Why comfort is the killer of creativity

Why comfort is the killer of creativity

Every person operating within a creative field will tell you that one of the common reasons for constant procrastination and demotivation at times of creating is comfort. In most scenarios, comfort and confidence should work in your favour, whether you are trying to impress your love partner with a romantic getaway or persuade your boss that you are the right person for the position. So how can a positive aspect in one’s day-to-day life unintentionally become the ultimate killer to someone’s creative process? In this article, we will take a look at the many reasons comfort can both work in helping you throughout your creative journey, and also work against your self-improvement in the long run. But first, what is meant by comfort?

What is meant by comfort?

Depending on the profession you are personally interested in and the skill sets needed for you to complete your everyday tasks, comfort will have a range of different meanings for a variety of artisans. However, the word ‘comfort’ for creative individuals particularly refers to a mental state of ease and closely ties in with one’s daily routine. As your mind and body begin to experience more and more familiarity, it will naturally put less effort into challenging the output of your work. In that sense, the less questions you ask and the less curious you become. Moreover, this also appears across patterns of fulfilling expectations at an early stage of one’s artistic career for example, and therefore, no longer pushing oneself further than imaginable, since the space of comfort you have found yourself in is already believed to be enough and perhaps the one result you wished for all along. At this point, you have in a way convinced yourself that your work has already reached its highest potential, and therefore, there is no need for you to risk it all.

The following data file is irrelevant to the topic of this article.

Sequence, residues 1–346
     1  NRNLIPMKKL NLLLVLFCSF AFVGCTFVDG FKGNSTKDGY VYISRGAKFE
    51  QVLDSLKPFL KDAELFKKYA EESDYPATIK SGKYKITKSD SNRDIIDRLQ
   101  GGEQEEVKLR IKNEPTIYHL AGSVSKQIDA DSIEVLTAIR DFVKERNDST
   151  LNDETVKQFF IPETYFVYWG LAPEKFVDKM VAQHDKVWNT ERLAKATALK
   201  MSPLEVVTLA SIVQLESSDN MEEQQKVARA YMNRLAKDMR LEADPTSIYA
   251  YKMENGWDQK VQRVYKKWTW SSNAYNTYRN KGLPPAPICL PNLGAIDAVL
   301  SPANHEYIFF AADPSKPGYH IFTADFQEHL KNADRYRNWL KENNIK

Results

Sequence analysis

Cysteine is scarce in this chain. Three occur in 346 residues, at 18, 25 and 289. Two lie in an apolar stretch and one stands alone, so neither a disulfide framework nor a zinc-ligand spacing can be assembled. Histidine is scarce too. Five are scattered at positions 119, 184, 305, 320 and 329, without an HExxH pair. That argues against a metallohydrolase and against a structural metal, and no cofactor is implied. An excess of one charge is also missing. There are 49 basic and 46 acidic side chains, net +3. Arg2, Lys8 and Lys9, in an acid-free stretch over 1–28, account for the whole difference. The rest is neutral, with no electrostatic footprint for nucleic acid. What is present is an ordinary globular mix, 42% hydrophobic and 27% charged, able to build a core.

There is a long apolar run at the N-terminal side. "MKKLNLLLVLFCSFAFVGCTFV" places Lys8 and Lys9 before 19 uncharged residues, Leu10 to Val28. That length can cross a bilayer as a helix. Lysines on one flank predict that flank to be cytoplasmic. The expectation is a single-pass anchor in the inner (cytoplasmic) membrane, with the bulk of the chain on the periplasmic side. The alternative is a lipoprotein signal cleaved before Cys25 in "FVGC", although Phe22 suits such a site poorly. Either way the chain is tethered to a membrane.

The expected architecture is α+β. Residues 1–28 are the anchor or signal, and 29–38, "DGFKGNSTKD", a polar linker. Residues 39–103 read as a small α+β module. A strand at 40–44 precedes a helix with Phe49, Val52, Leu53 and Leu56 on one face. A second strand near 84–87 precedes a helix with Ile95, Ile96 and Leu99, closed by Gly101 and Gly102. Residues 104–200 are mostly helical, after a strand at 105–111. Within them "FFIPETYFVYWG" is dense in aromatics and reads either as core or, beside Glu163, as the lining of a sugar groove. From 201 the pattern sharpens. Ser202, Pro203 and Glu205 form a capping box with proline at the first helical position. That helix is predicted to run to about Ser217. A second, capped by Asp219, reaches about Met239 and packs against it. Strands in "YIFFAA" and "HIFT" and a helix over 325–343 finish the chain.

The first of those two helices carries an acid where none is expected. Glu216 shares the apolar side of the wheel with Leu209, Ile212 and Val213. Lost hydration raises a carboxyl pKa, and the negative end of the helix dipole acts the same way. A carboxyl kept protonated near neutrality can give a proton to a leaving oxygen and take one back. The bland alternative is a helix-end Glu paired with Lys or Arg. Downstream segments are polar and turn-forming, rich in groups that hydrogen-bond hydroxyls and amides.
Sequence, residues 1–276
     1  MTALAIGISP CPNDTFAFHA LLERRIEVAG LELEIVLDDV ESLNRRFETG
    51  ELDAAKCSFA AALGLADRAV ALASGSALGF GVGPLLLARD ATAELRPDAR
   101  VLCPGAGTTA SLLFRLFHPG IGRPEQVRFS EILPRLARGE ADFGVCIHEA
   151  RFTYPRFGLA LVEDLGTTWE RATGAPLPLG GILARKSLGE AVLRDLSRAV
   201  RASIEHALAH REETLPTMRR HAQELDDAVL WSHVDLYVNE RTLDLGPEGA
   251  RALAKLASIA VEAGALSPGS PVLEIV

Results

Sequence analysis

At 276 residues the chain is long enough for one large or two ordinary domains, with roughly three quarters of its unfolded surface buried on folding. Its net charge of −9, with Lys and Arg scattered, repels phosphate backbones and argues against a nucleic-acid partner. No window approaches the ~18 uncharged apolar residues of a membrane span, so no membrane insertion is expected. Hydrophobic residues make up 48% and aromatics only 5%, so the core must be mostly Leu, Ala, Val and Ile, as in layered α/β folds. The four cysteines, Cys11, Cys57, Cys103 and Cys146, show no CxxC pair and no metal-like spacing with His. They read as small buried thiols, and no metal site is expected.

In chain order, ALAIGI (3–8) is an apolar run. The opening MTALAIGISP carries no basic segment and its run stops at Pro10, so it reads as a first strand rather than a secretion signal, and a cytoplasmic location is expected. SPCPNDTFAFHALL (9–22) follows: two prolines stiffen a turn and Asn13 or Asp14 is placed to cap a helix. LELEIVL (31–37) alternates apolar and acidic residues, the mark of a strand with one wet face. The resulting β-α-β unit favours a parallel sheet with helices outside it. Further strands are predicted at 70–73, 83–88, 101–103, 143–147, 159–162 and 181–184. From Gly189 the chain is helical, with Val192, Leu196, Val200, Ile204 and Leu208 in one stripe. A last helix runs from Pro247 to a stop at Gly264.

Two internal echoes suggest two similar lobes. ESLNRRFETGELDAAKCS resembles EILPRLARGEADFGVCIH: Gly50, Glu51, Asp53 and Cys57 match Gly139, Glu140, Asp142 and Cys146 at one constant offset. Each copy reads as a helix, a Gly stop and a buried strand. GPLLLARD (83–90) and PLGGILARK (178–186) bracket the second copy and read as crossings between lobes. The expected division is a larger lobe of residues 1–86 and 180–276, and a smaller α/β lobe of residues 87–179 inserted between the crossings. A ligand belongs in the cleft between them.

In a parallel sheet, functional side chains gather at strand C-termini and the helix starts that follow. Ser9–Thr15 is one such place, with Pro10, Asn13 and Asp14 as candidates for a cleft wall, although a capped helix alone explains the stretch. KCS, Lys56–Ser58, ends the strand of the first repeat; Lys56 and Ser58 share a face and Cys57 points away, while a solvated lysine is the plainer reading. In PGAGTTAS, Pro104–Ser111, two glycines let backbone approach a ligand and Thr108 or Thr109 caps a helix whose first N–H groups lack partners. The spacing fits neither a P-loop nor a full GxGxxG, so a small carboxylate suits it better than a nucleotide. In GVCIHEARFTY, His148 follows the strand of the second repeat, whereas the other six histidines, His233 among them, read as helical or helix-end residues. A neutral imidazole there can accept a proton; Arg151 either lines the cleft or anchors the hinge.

Misconceptions